What is the most important thing you've learned about life from filmmaking?
Every story is valid.

What's the biggest misconception that people have about making films?
That documentaries are necessarily more "real" than fictional films.

Can filmmaking change the world?
It already has.




3 Women at StudioFilmClub

The late Robert Altman claimed that 3 Women came to him in a dream. It must have been a very strange dream, because the film is a strange, unsettling one. Loosely based on Ingmar Bergman's Persona, his classic study of two women in a tense, emotionally and psychologically vampiric relationship, 3 Women adds one more woman and a hazy, California-desert feel--as well as some off-kilter humour--to the mix. The film looks at the idea of multiple selves and the taking on of different personae, and as it progresses, each woman, at first with her own clearly defined individual identity, at different times assumes different aspects of the other women's characters until finally they become some less-than-holy female trinity, three persons in one.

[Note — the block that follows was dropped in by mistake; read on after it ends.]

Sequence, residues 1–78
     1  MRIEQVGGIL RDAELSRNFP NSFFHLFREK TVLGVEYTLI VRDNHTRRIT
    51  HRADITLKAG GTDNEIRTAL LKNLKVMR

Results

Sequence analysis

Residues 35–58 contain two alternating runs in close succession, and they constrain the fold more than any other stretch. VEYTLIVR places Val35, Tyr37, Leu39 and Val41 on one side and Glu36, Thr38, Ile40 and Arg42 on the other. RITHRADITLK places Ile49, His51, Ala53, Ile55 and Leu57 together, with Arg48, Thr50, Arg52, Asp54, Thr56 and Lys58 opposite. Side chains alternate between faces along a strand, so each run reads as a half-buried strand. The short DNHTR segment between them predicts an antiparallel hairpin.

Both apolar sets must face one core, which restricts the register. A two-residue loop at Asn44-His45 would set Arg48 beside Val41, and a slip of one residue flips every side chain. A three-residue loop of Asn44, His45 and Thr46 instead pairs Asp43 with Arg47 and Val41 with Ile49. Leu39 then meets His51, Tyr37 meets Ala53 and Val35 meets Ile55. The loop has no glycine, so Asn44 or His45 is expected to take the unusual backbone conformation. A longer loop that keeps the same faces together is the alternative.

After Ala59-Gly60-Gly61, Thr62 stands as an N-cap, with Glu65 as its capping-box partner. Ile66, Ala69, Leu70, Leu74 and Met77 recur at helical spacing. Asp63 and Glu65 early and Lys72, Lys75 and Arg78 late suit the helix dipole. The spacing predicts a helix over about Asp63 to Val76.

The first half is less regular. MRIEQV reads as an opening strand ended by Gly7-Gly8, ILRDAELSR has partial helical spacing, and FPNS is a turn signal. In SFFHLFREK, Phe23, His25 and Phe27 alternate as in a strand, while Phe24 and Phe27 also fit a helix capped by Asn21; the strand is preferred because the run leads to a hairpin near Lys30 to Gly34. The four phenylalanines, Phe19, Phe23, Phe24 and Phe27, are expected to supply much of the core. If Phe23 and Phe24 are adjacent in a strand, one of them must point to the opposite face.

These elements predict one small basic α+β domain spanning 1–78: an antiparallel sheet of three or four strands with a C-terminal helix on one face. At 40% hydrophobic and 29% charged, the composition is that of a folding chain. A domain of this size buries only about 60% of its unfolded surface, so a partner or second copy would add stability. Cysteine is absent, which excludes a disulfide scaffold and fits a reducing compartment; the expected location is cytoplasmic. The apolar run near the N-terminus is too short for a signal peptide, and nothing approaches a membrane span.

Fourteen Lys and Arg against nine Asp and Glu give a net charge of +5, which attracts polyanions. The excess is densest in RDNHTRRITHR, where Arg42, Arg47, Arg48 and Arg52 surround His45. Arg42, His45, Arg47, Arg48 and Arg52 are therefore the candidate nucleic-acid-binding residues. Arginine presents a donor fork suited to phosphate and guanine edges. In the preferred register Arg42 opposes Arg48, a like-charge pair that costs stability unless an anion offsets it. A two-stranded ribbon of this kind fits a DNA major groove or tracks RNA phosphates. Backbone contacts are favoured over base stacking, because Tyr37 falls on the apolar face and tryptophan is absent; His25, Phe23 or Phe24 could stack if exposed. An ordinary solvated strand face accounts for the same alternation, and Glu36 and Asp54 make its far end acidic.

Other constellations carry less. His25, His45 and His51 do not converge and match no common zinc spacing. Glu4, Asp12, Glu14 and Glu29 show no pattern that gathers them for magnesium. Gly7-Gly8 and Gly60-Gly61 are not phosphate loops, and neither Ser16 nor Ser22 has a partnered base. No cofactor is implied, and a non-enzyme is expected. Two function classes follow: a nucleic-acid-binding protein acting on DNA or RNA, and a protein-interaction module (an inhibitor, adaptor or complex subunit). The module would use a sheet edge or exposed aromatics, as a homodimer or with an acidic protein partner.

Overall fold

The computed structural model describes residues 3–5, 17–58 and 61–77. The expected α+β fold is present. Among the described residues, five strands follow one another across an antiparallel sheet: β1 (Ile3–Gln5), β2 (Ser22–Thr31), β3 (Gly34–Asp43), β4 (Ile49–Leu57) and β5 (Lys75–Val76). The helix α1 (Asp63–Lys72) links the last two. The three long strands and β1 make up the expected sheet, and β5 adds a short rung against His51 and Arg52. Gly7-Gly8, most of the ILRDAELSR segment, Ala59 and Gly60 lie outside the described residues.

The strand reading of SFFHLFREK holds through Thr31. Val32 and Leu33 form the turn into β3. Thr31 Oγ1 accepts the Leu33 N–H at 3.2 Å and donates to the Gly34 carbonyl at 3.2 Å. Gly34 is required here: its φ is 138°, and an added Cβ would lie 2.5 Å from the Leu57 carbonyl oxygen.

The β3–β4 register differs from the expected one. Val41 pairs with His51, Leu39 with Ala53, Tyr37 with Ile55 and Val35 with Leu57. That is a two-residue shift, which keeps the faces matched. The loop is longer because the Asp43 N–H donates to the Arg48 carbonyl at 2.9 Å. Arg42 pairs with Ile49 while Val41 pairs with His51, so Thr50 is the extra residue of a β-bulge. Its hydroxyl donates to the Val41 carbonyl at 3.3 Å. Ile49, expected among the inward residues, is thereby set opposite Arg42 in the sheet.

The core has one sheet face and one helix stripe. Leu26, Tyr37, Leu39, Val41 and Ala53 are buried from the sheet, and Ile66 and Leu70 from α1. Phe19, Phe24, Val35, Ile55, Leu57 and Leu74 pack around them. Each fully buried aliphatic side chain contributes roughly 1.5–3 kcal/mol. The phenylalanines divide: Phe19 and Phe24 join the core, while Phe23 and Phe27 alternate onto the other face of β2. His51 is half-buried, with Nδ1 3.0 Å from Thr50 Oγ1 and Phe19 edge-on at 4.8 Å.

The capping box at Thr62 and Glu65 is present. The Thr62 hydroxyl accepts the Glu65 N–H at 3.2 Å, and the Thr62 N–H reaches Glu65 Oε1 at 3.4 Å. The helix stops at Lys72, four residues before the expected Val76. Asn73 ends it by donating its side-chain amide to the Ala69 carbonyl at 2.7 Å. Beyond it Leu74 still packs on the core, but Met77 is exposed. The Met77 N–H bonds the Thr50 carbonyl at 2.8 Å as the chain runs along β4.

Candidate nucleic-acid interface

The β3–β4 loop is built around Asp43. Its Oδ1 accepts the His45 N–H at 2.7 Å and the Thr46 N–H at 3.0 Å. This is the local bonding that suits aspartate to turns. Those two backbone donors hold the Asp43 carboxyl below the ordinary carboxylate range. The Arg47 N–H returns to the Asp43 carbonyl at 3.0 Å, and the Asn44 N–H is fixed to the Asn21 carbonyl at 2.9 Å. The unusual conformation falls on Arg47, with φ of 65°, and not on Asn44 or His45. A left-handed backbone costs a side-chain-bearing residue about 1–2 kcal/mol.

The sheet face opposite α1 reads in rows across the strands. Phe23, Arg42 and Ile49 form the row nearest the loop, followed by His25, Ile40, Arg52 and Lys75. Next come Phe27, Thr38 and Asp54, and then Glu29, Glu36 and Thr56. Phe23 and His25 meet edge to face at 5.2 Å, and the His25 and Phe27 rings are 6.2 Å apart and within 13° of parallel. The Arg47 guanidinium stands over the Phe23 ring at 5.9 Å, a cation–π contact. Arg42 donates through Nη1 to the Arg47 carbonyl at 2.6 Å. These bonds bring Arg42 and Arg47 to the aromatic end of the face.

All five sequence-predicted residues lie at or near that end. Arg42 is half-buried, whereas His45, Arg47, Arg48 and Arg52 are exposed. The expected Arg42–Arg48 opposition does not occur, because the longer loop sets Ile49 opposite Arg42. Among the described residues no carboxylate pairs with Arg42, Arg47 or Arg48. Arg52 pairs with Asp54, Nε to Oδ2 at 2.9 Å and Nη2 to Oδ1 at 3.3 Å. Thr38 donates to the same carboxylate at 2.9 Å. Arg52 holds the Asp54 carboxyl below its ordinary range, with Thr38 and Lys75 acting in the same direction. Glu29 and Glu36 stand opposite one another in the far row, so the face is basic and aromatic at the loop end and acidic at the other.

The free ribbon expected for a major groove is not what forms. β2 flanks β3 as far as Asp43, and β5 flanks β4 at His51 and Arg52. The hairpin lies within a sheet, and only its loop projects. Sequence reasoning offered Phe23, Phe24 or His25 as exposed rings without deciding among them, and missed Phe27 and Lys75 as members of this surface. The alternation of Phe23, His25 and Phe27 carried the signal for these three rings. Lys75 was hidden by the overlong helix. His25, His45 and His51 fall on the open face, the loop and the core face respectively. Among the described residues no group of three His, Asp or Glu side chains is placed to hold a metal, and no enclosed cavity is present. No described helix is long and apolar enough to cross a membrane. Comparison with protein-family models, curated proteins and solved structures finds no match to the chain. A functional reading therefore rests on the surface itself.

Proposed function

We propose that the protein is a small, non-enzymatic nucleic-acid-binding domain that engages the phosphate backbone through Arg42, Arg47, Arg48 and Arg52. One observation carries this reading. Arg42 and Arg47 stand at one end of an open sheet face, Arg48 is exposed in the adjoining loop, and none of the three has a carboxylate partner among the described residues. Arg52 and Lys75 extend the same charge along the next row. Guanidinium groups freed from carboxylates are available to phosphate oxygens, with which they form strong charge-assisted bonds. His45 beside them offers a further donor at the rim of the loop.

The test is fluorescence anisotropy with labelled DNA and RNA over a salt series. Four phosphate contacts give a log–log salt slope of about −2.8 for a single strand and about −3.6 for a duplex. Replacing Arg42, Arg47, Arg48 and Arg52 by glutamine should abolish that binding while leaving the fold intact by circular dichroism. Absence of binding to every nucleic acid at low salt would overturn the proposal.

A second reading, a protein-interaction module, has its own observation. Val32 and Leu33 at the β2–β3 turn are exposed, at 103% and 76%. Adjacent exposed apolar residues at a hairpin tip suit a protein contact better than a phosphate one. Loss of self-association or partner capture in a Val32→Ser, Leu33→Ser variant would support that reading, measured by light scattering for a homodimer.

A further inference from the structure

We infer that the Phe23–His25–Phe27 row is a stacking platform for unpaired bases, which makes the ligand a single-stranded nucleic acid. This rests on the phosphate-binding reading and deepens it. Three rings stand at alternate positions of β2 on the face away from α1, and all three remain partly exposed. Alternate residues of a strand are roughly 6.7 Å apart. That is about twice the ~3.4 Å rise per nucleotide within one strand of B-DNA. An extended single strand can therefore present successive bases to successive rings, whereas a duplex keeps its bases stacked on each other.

At least, that's (partly) my take on it, from seeing the film for the first time at StudioFilmclub in Laventille last night, the first of four nights of screenings there as part of the TTFF09. The screenings are curated by US writer and critic Hilton Als, who will be at StudioFilmClub tonight for the second evening of screenings, which includes Leslie Thornton's experimental feature-length film, Peggy and Fred in Hell.